Local Comedy People With Issues Takes the Long Path
Third time's the charm for writer-director Dan Siegelstein
Austin comedy People With Issues was always meant to be a film. But in the last five years, it's been an award-winning short, and a web series, before it arrived on home release last month in its original, as-intended feature form. Writer-director Dan Siegelstein said, "The thing that kept me going was a very, very stubborn can-do attitude."
It's the story of three immediately identifiable Austin twentysomethings – lovelorn librarian Jack (Tanner Kalina), underachieving receptionist Aaron (Adam Mengesha), and conflicted cartoonist Darren (Dano Colón) – sat at the bottom of a drained swimming pool, asking themselves, "Well, how did I get here?" Aside from one shot of the Downtown skyline, there's no real blinding signposts that People With Issues was shot in Austin, and that was a deliberate decision about showing the realities of life here (hint: no one goes to the Capitol unless they have to). In his day job as a grip, Siegelstein said he worked on plenty of films where shooting schedules read like a tourism guide. But like many Austinites post-graduation, his slackers are too old to hang out on the Drag, and can't be bothered with the parking on South Congress. Siegelstein said, "I remember when I was at UT, it was all about getting drunk on Sixth Street, but barely a year out of college, I was going, 'Gah, Sixth Street's kind of lame, what else is there?'"
Siegelstein originally wrote the script as a low-budget rom-com ("$50,000 isn't a lot to make a movie," he said) but when your low budget would still buy a sports car, that's a big ask. First, he made a proof-of-concept short in 2013, with Mengesha, Colón, and J.M. Specht as Jack, and shot it like a TV sitcom before the first commercial break. "That invites people to ask what happens next, and we would use that as a lure to go, 'Funny you should ask; give us 80 grand and you find out.'"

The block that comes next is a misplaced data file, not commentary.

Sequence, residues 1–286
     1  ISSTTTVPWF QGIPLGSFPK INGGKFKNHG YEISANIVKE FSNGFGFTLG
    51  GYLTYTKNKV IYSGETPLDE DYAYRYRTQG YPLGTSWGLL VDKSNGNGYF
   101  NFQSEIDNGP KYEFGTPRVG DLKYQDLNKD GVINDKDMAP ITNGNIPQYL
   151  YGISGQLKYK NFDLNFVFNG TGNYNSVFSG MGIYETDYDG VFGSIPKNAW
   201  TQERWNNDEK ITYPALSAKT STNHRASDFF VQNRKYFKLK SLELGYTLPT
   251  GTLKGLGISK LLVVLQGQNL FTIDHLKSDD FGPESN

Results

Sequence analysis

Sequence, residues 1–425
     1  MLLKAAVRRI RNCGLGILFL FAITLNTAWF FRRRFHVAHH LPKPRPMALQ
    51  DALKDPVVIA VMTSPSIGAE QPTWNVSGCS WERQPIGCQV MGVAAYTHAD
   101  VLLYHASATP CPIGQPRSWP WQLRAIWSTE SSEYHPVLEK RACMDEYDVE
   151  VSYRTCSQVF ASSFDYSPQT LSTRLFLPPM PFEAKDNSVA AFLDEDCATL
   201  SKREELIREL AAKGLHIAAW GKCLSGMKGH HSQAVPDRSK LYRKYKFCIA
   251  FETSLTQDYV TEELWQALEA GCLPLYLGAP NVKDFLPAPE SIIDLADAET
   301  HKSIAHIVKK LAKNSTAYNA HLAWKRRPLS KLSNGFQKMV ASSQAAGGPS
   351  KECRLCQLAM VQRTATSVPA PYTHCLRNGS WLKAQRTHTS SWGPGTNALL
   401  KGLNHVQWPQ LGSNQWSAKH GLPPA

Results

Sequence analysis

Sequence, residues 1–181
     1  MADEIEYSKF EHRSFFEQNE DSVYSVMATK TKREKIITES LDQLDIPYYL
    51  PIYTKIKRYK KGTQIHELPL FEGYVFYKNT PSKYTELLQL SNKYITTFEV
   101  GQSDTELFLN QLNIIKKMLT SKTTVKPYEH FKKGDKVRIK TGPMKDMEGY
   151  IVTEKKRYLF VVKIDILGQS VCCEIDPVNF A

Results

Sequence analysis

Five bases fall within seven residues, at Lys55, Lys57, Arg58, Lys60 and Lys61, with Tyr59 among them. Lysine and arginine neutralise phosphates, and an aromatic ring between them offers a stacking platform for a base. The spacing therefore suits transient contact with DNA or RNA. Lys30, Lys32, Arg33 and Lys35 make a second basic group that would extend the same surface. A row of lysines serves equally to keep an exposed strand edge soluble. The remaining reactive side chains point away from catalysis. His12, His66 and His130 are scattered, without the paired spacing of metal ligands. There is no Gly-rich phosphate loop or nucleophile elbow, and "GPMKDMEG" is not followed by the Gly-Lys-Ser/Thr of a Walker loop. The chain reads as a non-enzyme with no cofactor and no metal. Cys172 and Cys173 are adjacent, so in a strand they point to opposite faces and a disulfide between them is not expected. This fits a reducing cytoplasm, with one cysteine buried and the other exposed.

Sadly, an award-winning festival run still didn't produce enough investors, so in 2014 Siegelstein raised $11,000 via Indiegogo, put Kalina in the role of Jack, and rewrote Act I of the film script as an eight-episode web series. Then Kalina got cast in Richard Linklater's Everybody Wants Some!!, and Siegelstein could leverage his actor's new profile to get new backers to shoot "what we referred to as season 2." In fact, that was really the rest of the film script, "and then we played with it, and rejigged it in the editing room."
That meant converting five years of shoots into one narrative, with a cast that changed over time (two actors – Kalina and Josephine McAdam, who plays Aaron's co-worker and frenemy Amber – had even moved to Los Angeles). Some scenes were completely re-edited, to account for the differences between film and web storytelling, and Siegelstein built a new structure. Separate to the intersecting stories of the three leads, he broke the narrative into three timelines – "The present, set in the party; the flashback in color; and then the flash sideways, in black and white." Those monochrome sequences were fully repurposed from the web series, and Siegelstein used them to highlight the leads' good-natured banter. "It created a cinematic space where we could just be with the characters, and let their camaraderie come through."
People With Issues is available on VOD and DVD now. Visit www.keymasterfilms.com for more info.